Roman the Kat

#it flavored thoughts of mine

Stack Overflow Jobs to be discontinued

Well, recent news mean that Stack Overflow Jobs gonna be discontinued on March 31, 2022. I liked this one. Kept looking from time to time what’s interesting out there, how do vacancies look like. For me it had kinda intuitive interface. Lots of things on the page, but most of things I would need are just right there, ~1 click away. Pretty straightforward to my taste. I also gathered ‘statistics’ of opened vacances per languages....

January 22, 2022 · 1 min

Endless canvas for note taking

It’s a big thing for me to have an endless canvas for note taking. Sometimes it’s really useful. For example if you want to be able to easily look on the whole picture, just zooming in/out. Or if you have no idea how big the result will be, having no limits calms - you won’t run out of space, you can fit everything on one page, somewhere nearby. So I’ve being checking infinite/endless canvas apps available at the moment....

November 1, 2021 · 2 min

[21/100] Note on note taking 3: notes and todos

tl;dr It’s worth having ‘notes’ and ‘todos’ separately, probably in separate apps. They are too different. If you search for ‘productivity tools’ being used in a wild, you usually see apps for note taking/making. But it often comes in pair with some todo-lists app. For me it feels the reason is - vastly different lifecycles: there are ‘notes’, made as a ~long-term thing; and ‘action items’, a ~short-term things to execute....

April 29, 2021 · 2 min

[20/100] Offline reading

I rely on several apps for reading, mostly offline ones. Probably the main app for me is Pocket. There are a lot of great articles you can find, and most of them will be saved in there. Some will be tagged (top priority/first to read things, usually). On the other hand, I’m kinda curious in wallabag (self-hosted open source solution with mobile version). As a data source I often use RSS, for quite a set of blogs....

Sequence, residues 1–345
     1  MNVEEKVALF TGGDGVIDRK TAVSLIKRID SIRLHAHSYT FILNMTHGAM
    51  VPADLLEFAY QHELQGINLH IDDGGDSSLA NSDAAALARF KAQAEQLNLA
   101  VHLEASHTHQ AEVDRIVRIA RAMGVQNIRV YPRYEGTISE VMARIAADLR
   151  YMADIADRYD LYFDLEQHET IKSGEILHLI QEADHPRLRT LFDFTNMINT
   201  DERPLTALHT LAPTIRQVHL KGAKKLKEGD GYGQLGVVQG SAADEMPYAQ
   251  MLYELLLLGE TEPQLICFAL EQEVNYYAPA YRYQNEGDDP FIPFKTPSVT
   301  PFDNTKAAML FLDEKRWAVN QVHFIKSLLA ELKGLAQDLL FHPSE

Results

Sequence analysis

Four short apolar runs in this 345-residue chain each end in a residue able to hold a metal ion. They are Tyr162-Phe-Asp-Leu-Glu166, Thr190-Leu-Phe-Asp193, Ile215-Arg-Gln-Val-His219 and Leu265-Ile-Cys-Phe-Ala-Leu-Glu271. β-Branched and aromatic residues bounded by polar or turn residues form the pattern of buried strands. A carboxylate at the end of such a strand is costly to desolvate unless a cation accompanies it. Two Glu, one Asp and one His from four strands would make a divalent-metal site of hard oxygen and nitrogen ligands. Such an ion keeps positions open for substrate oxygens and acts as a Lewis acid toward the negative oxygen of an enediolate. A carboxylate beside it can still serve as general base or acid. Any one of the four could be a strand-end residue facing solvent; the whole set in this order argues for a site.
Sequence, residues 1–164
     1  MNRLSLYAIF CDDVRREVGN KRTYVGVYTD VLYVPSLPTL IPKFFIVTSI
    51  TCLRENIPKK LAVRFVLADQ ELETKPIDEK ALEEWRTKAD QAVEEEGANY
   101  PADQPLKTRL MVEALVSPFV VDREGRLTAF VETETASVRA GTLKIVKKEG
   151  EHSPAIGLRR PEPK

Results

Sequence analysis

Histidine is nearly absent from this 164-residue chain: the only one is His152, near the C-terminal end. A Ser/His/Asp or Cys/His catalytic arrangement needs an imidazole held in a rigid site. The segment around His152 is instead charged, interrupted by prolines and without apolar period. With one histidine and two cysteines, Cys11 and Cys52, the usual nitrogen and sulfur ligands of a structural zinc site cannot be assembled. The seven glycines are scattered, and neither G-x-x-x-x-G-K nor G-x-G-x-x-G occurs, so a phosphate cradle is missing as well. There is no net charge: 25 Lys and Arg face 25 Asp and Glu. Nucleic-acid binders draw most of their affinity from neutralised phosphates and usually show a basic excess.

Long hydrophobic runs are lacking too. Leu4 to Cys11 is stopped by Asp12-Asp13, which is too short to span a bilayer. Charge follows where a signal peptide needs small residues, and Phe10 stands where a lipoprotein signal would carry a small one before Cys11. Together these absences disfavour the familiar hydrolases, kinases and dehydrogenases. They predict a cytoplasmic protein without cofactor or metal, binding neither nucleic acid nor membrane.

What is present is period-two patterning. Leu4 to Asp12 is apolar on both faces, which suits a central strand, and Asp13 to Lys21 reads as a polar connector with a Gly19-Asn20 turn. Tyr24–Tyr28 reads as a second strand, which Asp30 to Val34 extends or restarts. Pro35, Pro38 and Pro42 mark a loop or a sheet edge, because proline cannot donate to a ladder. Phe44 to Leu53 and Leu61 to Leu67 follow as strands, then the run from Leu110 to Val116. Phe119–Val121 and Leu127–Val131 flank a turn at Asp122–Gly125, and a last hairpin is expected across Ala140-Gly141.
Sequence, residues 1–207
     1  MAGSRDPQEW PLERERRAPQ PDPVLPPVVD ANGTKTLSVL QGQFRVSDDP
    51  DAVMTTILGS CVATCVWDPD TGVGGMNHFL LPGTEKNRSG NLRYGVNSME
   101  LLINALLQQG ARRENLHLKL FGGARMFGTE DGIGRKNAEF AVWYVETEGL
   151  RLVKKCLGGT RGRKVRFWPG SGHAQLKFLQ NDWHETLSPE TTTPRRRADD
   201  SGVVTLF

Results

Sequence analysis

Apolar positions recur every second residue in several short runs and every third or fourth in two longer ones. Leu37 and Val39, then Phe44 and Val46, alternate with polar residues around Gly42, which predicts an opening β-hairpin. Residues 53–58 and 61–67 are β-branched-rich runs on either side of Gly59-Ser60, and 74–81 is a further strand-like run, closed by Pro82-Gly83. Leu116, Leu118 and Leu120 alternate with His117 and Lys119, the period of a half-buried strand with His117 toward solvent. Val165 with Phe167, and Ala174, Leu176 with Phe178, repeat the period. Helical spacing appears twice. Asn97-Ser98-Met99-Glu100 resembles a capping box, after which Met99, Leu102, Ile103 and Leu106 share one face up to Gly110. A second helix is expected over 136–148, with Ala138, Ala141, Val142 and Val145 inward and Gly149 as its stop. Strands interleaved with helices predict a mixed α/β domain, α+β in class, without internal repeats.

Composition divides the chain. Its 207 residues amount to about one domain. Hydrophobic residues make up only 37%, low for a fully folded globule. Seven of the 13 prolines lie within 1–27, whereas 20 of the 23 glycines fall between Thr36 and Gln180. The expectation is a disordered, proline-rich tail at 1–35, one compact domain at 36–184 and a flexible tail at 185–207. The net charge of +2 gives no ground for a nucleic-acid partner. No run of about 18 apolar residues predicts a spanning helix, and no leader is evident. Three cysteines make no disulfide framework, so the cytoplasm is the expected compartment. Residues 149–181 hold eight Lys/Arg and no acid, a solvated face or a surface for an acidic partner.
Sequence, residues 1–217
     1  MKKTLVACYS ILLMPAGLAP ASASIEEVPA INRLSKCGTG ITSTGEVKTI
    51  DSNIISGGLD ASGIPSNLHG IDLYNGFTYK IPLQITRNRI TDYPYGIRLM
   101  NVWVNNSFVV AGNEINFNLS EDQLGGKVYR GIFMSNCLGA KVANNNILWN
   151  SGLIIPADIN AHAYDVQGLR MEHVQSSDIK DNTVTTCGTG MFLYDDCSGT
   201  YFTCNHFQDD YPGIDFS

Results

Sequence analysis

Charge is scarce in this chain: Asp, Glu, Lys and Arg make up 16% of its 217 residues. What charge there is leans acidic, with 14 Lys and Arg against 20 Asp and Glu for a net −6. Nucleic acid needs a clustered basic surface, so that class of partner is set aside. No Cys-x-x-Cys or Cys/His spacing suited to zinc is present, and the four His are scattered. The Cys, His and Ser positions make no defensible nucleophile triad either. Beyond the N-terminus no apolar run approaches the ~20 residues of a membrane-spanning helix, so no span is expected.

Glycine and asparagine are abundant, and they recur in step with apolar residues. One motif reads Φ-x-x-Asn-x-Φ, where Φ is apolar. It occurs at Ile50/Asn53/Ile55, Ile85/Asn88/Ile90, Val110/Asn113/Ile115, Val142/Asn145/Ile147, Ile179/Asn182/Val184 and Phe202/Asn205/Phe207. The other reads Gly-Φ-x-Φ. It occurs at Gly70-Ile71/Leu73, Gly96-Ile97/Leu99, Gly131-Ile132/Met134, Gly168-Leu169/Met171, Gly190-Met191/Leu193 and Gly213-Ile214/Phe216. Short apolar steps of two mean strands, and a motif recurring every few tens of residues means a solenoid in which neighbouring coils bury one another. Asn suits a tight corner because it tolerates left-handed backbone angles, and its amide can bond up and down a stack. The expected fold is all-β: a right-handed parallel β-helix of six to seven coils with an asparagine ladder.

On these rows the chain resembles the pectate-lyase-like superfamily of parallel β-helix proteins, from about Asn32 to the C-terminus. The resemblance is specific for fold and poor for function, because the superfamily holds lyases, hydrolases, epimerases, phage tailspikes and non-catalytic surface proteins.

March 6, 2021 · 2 min

[19/100] JSON, time, and golang

Fun thing about JSON - it doesn’t have dates or time support, as per RFC. So whereas you see something like 2021-02-18T21:54:42.123Z in JSON - it’s still just a string. Some languages firmly follow that, like nim stdlib parser. Some try to parse as if it were ISO 8601 time. Which is actually nice - it’s human readable, sortable, portable, well supported and precise. Though such support sometimes causes extra fun, like java’s jackson lib and JSR 310....

February 19, 2021 · 2 min

[18/100] Note on note taking 2

An interesting and predictable happens with note taking during scaling. Once you have about 400+ notes ‘plain’ structure becomes not efficient. Seemingly it’s become harder to keep the context of everything you are writing about. The whole idea of note writing is to not trying to keep everything in your mind all the time. That’s the place where outlining works - it adds structure. There are numerous similar terms - outliners, structure notes, index notes, hubs....

January 22, 2021 · 2 min

[17/100] Podcasts

I like listening to podcasts. That’s a great way to use, to spend your time. There are tons of good and different podcasts on various themes. Some are useful, some are entertaining, some are both. Of course, with whole pandemic situation one of the main timeslot for listening podcasts (for me) is lost - commuting to work, but there are still options when to listen, like routine things, house chores, and so on....

January 8, 2021 · 2 min

[16/100] Things I like in Nim lang 1

There is an open-source programming language called Nim. It is a statically typed compiled language, looks a lot like python (small amount of syntax noise combined with spaces for identation/code blocks). Example from official site: import strformat type Person = object name: string age: Natural # Ensures the age is positive let people = [ Person(name: "John", age: 45), Person(name: "Kate", age: 30) ] for person in people: # Type-safe string interpolation, # evaluated at compile time....

January 5, 2021 · 3 min

[15/100] Ruby Christmas present and perspectives

As usual new major update for Ruby lang was announced on 25th of December. Cool thing about this year - that’s a release 3.0, aka Ruby 3x3. Main things are: performance (x3 in certain benchmarks) new concurrency primitives (actor-like abstraction called Ractor and Fiber#scheduler for async event pool) optional typing (RBS files for types hinting and typeProf tool for types inference) As for me, things I somewhat missed in Ruby were type hinting and more convenient concurrency primitives, especially once same ideas were added in Python (with async syntax and type hints)....

December 26, 2020 · 2 min

[14/100] Branches and releases 1.5